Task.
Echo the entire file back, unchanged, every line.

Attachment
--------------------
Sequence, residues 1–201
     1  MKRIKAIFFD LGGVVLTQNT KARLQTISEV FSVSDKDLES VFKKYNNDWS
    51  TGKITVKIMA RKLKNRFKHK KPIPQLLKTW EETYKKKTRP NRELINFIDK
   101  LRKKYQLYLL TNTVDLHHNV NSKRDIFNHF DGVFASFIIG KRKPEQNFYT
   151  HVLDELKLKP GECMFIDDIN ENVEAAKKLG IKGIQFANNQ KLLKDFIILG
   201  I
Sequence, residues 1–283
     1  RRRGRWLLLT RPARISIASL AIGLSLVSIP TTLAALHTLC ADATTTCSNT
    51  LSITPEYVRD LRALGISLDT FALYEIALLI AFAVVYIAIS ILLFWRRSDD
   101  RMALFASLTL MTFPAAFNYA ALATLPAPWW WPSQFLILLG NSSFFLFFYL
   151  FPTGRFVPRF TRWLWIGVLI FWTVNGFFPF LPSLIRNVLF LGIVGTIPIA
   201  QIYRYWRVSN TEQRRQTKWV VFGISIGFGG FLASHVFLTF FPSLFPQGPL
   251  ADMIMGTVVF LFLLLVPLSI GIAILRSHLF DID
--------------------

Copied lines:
Sequence, residues 1–201
     1  MKRIKAIFFD LGGVVLTQNT KARLQTISEV FSVSDKDLES VFKKYNNDWS
    51  TGKITVKIMA RKLKNRFKHK KPIPQLLKTW EETYKKKTRP NRELINFIDK
   101  LRKKYQLYLL TNTVDLHHNV NSKRDIFNHF DGVFASFIIG KRKPEQNFYT
   151  HVLDELKLKP GECMFIDDIN ENVEAAKKLG IKGIQFANNQ KLLKDFIILG
   201  I
Sequence, residues 1–283
     1  RRRGRWLLLT RPARISIASL AIGLSLVSIP TTLAALHTLC ADATTTCSNT
    51  LSITPEYVRD LRALGISLDT FALYEIALLI AFAVVYIAIS ILLFWRRSDD
   101  RMALFASLTL MTFPAAFNYA ALATLPAPWW WPSQFLILLG NSSFFLFFYL
   151  FPTGRFVPRF TRWLWIGVLI FWTVNGFFPF LPSLIRNVLF LGIVGTIPIA
   201  QIYRYWRVSN TEQRRQTKWV VFGISIGFGG FLASHVFLTF FPSLFPQGPL
   251  ADMIMGTVVF LFLLLVPLSI GIAILRSHLF DID